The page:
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Managing Conflict in the Workplace

No organization is free from conflict. After all, conflict usually arises when passionate people disagree about an idea or solution, and great organizations are FULL of passionate people who believe in their ideas and mission.

Unfortunately, however, it’s all too common for individuals to make assumptions about someone else’s intentions or ideas behind that passion. These assumptions lead to destructive conflict where people trade conclusions about each other back and forth based on those incorrect assumptions.

Workplace conflict usually comes in two forms:

  1. People Conflict - when two (or more!) people disagree with each other, making it personal instead of about the work

  2. Task Conflict - focused on the task at hand, group members disagree about group goals and tasks being performed

Once we accept that conflict is inevitable, we can identify the types of conflict we see and begin working toward resolving that conflict in a healthy, productive way.

Responding to Conflict

According to the Thomas-Kilmann Instrument, all people approach conflict with varying degrees of two behaviors:

  1. Assertiveness- the extent to which the person attempts to satisfy their own concerns

  2. Cooperativeness - the extent to which the person attempts to satisfy the other person’s concerns

Depending on the level of each of these behaviors, a person’s conflict style can be determined.

The Five Styles

The five different styles of responding to conflict are:

  1. Competing- Assertive and uncooperative, this mode is power-oriented in which a person uses whatever power they have to win their position.

  2. Collaborating- Assertive and cooperative, this mode involves an attempt to work with others to find a solution that fully satisfies their concerns.

  3. Compromising- Moderately assertive and cooperative, this mode involves finding a solution that is mutually acceptable to both parties.

  4. Avoiding- Unassertive and uncooperative, this mode involves sidestepping an issue completely. Individuals do not pursue their own concerns nor those of the other individual.

  5. Accommodating- Unassertive and cooperative, this mode involves the individual completely neglecting their own concerns to satisfy the concerns of others.

Identifying + Understanding Conflict Styles

Think back to a time when you experienced conflict in the workplace? How did you handle it? What’s your conflict style?

If you’re having difficulty identifying one single conflict style for yourself, you’re not alone! All people are capable of approaching conflict in any of the ways above. However, most people tend to rely on some styles more than others. Are you usually more assertive in your approach to conflict resolution? Do you tend to lean toward cooperative resolution? Do you do your best to avoid conflict altogether?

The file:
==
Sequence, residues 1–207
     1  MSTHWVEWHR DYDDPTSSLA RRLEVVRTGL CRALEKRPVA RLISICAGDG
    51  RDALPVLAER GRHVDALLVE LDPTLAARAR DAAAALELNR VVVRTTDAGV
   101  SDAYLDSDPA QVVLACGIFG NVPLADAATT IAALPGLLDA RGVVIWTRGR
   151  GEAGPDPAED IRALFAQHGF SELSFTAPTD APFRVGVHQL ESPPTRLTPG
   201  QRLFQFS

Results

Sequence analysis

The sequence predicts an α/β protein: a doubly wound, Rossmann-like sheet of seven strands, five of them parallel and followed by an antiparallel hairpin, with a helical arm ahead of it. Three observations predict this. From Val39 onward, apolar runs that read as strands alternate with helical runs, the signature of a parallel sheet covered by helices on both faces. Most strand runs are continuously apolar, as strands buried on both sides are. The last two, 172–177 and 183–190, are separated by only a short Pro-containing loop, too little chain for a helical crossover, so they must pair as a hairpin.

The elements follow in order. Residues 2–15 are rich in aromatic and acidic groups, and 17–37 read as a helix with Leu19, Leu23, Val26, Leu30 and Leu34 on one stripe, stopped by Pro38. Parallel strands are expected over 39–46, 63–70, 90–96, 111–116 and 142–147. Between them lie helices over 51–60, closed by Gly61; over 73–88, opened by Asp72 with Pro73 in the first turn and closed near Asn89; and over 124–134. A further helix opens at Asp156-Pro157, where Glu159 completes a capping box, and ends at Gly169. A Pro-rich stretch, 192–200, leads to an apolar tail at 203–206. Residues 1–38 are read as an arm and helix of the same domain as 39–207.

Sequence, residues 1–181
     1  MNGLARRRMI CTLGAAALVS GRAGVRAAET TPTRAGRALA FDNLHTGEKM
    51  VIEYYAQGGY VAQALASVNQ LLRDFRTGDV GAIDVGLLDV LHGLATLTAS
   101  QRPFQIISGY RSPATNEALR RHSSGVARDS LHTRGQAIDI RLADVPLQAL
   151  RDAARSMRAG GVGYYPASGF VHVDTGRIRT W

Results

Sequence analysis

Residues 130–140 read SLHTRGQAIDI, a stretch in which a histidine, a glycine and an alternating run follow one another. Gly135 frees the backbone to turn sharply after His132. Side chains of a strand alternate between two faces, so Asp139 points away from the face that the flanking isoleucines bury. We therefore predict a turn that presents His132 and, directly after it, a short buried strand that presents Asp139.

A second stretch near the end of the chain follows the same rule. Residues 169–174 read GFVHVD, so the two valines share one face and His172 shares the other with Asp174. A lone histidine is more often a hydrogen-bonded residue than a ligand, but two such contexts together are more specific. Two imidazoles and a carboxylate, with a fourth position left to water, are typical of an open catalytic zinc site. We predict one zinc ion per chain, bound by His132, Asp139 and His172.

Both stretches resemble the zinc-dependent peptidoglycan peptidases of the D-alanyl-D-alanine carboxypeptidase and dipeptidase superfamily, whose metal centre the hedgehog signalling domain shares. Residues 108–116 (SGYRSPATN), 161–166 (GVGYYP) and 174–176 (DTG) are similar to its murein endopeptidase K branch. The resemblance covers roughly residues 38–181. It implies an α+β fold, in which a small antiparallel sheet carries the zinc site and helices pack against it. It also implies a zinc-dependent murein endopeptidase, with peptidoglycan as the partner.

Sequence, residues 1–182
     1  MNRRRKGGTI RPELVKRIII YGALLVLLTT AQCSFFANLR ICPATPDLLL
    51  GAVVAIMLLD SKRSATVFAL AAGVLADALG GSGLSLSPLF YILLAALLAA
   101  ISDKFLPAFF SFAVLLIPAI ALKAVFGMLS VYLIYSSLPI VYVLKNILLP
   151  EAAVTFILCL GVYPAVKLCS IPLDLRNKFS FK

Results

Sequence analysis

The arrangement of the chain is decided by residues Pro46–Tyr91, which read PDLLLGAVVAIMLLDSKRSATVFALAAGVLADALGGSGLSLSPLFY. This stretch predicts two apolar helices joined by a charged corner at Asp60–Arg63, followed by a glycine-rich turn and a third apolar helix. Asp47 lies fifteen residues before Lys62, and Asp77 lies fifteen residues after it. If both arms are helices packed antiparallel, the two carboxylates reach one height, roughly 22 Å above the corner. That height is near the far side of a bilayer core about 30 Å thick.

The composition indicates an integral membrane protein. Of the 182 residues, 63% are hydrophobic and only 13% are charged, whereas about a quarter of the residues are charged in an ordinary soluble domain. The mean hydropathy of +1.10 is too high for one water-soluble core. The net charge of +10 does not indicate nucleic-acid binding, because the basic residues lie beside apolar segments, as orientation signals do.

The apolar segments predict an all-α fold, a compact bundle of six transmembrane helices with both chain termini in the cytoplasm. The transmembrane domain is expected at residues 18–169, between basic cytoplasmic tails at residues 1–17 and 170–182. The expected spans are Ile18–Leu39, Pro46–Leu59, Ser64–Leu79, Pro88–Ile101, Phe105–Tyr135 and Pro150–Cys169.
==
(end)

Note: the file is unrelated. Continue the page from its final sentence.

Understanding how we approach conflict is important because once we are aware of our tendencies, we can begin to make adjustments to our behavior so that workplace conflicts can be resolved quickly and cooperatively.

Shifting Mindsets

As we mentioned before, organizations are FULL of passionate people who strongly believe in their ideas and mission. And it’s inevitable that passionate people with differing ideas will encounter conflict. Therefore, we need to shift our mindset about conflict.

Instead of thinking “Conflict is avoidable”, we need to accept that “Conflict is inevitable”

Instead of thinking “Conflict is destructive”, we need to understand that “Task conflict leads to team learning”

Instead of pointing fingers or placing blame, we need to identify each person’s contribution to the situation and identify how to move forward.

Instead of making assumptions about someone’s ideas or motives behind their passion, we need to work to maximize understanding.

Resolving Conflict in Your Workplace

A company culture that supports and promotes open, productive communication is necessary in order for conflict resolution to take place in an efficient and informative manner. This allows for honest conversations that help employees grow as individuals and teams, understand each other and themselves better, and learn about their own behaviors as they contribute to workplace conflict and resolution.

Once we understand how workplace conflict arises and identify our ways of approaching conflict, we can begin to make adjustments to our behavior and interactions so that workplace conflicts can be resolved quickly and effectively.

Interested in learning more about how to understand conflict and shift mindsets in your organization? Contact Cause Capacity today to learn more about our Team Development Services.


Source: The information for this post is based on the framework and research from the Thomas-Kilmann Instrument


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